Rhode Island’s horny youth may need to find a new way to get their rocks off because sexting is off the menu. A new survey conduced by the University of Rhode Island has found that 56 percent of RI college students had received sexual images and 78 percent had received sexually suggestive messages on their phone, reports Science Daily. More than two-thirds of students owned up to sending sexts themselves, though in 73 percent of circumstances, it was to a relationship partner. So, what’s the big deal? Well, in Rhode Island it is now illegal for minors to send sexually suggestive texts to one another because of the whole Anthony Weiner sexting scandal. Call it an overreaction, but it’s now law.
According to the new sexting bill, minors who create and send sexually explicit images of themselves could be charged with a “status offense” and sent to family court. Worse, if you’re a minor or adult and you forward a sexually suggestive image of anyone younger than 18, you could be charged with sending child pornography in the state. Some kids are likely in for a rude awakening. The survey shows that 17 percent of students have forwarded a sext to somebody else. Under the new law, this could get them into big trouble, should that person report it.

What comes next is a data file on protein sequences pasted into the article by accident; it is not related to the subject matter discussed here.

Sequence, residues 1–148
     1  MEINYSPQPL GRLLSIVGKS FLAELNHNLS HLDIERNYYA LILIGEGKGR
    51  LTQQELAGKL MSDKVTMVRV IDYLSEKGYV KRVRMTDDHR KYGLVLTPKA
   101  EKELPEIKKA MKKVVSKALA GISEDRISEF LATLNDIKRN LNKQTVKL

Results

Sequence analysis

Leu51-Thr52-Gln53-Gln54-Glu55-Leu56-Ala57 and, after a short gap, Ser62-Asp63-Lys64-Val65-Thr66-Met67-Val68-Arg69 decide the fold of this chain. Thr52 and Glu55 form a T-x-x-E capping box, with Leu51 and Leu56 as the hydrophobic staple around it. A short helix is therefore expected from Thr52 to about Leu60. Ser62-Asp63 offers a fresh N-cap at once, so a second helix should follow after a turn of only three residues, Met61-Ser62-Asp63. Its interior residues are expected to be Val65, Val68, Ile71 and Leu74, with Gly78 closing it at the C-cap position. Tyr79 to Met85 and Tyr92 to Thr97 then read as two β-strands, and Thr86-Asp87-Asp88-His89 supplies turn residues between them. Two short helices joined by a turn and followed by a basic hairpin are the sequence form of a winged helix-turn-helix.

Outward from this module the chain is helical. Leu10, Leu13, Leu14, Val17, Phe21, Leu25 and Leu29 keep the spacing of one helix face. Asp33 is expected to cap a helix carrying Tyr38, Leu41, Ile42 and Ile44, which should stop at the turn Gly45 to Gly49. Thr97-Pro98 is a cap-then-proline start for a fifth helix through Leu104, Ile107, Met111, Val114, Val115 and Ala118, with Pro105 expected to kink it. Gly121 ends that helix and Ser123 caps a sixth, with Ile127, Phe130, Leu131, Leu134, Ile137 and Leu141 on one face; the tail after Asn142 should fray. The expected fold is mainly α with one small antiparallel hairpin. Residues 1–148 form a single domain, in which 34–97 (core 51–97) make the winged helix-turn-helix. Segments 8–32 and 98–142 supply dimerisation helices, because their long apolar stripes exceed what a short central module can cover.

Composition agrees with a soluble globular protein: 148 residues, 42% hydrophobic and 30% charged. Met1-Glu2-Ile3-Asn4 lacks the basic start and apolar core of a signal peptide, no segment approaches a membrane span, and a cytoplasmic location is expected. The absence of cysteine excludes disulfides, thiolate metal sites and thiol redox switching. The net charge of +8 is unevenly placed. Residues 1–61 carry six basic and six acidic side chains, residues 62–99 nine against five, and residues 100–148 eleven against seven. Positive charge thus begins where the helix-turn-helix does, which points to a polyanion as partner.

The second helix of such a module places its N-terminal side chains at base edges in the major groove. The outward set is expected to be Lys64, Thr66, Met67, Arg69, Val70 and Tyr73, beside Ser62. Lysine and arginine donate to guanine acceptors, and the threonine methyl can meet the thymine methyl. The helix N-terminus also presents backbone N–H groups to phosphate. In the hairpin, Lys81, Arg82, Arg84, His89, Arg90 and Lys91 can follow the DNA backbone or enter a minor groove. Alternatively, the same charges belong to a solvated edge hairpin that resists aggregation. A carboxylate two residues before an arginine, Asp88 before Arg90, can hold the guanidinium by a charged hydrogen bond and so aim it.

“It is a delicate situation with the new laws that are in place,” said Tiffani Kisler, an assistant professor at the University of Rhode Island. “While it is important to protect minors and help them recognize the short- and long-term implications of sending sexually explicit images, opening them up to something as serious as potential child pornography charges may not be the most effective course of action.”
Sue K. Adams, another assistant professor at the university added that many kids entering college are right at that 17 to 18 year mark and don’t always pay attention to the age of those they’re flirting or sexting with. They’re going to have to get better.
Sexting is not the only problem phones have brought. The professors’ study also found that 47 percent of juniors and seniors are regularly awakened by texts and 40 percent answer phone calls during sleep. Worse, 93 percent of them are texting while driving and 82 percent have done it since Rhode Island passed a law outlawing it. With that statistic in mind, we’re somewhat doubtful teenagers are going to stop sexting one another. It’s doubtful that there is a law powerful enough to stop college students from sharing their dirty thoughts. Technology seems to only hasten the process.
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